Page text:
A widely-shared video showing a group of transgender women being aggressively hauled out of a popular Los Angeles bar is being investigated by local police as a possible hate crime.
Khloe Perez-Rios and Jennifer Bianchi say they were with their co-workers from Bienestar Human Services, a non-profit group which provides health services to Latino and LGBTQ2 communities, at a downtown bar when they were confronted by a man and a woman.
Perez-Rios claims the altercation started when the couple hurled transphobic slurs at them. The group had just finished speaking at DTLA Proud, an annual two-day event that celebrates L.A.’s LGBTQ2 community.
“[They were] calling transphobic slurs to all the people at our table, things like ‘you are all dudes,’ get out of here ‘you faggots,’ you don’t belong here ‘MEN,’” she wrote in a Facebook post, which has garnered more than 2,500 shares since Saturday.
Perez-Rios, who filmed the ordeal on her phone, told the Los Angeles Times that the group was minding their own business and eating when the couple approached their table.
“They said, ‘You guys are all men. You guys don’t belong here,’” she told the Times.
“And we turned around and said, ‘Please leave us alone. We don’t want problems.’”
Perez-Rios said the colleagues became defensive when the man pushed her and slapped one of them. That’s when security got involved, she said.
In the video, a security guard struggles with Bianchi, who can be heard shouting “Don’t touch me like that.” Bianchi tells the man she needs to get her shoe and shoves him back.
The guard pushes Bianchi again before he wraps his arms around her and shuffles her toward an exit.
Seconds later, another a bar employee walks over to a transgender woman seated at the table.
He says, “Come on, we’re done, we’re done,” and appears to pull her out of her seat.
“What happened?” she says to the camera, before being dragged out of the bar.
Bianchi told the Times she believes “excessive force [was] used for no reason” on their group, while the man and woman were merely escorted out.
“Security began to remove the biological women without any force, and all of us from the community were carried out and thrown outside,” Perez-Rios wrote on Facebook.
The group called police and filed a hate crime report, but the man and woman had left the bar before officers arrived.
LAPD confirmed in a tweet that they have launched an investigation. Police refused to elaborate but said the incident would be investigated thoroughly.
“Please know that the Department is committed to ensuring the safety of every Angeleno, as well as the right of all to live their true lives in peace, harmony, and free from anxiety or fear,” LAPD assistant chief Beatrice Girmala tweeted.
The LAPD later told NBC Los Angeles that they were investigating the incident as a possible hate crime. Global News reached out to LAPD to independently confirm this but did not receive a response prior to publication.
Hate crimes motivated by bias against sexual orientation and/or gender identity are illegal in the U.S., but state laws can vary slightly.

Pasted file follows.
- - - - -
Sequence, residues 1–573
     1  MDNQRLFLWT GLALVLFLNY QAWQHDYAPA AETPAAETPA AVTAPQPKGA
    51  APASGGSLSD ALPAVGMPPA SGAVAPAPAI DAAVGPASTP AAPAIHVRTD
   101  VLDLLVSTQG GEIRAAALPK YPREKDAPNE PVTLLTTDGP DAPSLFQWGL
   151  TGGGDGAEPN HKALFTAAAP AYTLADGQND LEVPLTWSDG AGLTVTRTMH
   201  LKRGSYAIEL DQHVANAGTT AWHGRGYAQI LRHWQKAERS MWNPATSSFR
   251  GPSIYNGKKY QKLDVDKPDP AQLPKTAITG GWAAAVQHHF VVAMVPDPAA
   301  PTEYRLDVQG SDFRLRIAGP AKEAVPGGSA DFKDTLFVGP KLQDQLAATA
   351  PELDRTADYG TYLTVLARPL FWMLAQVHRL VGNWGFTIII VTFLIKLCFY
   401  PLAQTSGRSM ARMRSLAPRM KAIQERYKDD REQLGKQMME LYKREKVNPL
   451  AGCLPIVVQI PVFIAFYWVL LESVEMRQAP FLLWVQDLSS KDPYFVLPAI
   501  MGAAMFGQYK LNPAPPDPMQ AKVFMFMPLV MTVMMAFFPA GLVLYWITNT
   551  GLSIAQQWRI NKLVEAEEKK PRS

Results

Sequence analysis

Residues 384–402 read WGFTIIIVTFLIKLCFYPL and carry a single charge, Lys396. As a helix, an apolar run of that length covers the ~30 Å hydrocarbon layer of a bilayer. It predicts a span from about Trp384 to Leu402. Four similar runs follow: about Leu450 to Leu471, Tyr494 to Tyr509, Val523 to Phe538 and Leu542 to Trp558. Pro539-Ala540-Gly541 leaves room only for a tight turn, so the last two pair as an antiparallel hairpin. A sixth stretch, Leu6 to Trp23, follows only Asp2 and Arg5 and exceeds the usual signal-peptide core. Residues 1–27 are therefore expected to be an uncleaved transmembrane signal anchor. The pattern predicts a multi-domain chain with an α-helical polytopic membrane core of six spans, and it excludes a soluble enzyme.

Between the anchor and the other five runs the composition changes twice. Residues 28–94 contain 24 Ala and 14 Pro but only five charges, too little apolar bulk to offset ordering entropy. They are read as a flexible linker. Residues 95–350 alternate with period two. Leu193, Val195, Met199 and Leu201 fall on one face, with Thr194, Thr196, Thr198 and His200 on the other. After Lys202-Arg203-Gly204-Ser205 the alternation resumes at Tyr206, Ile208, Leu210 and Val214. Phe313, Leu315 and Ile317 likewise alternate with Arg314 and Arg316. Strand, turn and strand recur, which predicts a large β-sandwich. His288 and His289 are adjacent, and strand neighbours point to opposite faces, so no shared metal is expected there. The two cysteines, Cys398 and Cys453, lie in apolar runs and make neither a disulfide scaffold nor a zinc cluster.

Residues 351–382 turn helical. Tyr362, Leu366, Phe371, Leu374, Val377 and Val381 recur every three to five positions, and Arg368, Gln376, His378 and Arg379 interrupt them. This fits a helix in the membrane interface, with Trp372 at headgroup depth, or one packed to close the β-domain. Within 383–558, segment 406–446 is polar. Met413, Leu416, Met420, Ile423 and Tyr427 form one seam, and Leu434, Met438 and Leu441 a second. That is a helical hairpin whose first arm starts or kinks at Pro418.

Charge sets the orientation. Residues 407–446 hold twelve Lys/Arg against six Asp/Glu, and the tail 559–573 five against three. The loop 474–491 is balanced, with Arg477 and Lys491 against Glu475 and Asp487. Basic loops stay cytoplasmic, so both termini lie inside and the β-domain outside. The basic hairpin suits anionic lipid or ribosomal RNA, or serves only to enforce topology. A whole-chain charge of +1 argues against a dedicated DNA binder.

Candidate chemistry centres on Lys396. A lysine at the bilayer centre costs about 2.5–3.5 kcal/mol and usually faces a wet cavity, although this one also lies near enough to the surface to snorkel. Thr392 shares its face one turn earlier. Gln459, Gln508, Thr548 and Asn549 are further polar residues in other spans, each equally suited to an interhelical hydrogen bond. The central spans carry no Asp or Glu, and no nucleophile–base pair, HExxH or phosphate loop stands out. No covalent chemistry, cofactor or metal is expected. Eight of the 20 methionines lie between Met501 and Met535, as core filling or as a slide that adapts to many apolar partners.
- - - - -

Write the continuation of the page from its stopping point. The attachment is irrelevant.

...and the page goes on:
According to the Movement Advancement Project, only 47 per cent of America’s LGBTQ2 population live in states that have hate crime laws covering sexual orientation and gender identity. Hate crimes are against the law in California, where the incident took place.
Federal statistics are limited on hate crimes specific to transgender people in the U.S. — in part due to “serious under-reporting,” according to the Williams Institute — but advocates say violence against the community is getting worse.
The founder of the company that owns the bar, Cedd Moses, later addressed the situation on Facebook.
Moses said a manager asked both groups to leave, citing the “safety and security” of patrons. He said the guards removed the “not compliant guests… in accordance with company policy,” which has “zero tolerance for this type of behaviour.”
His response spurred backlash from the public.
The outrage turned into a protest outside of the bar on Saturday where more than 100 people attended. Demonstrators crowded the sidewalk, some holding transgender flags, and chanted “close it down!”
After the protest, Moses took up a different tone in a follow-up statement. He listed a number of steps the bar would be taking to address concerns, including hiring a new security team that has sensitivity training.
“Our first and primary concern, and has been from day one, is to operate a safe place for all people. Period, no exceptions,” he wrote on Facebook. “We regret that didn’t happen Friday night, and we want to apologize to all our guests including the Transgender community, a community who has come to our bar as well as works there.”
The women say they have received widespread support since the video took off online, and even met some of the LAPD officers who arrived at the bar that night.
Bianchi told the Times that she hopes their experience would generate kindness for the LGBTQ2 community.
“This cannot happen over and over,” she said. “We are facing so much discrimination and hate.”
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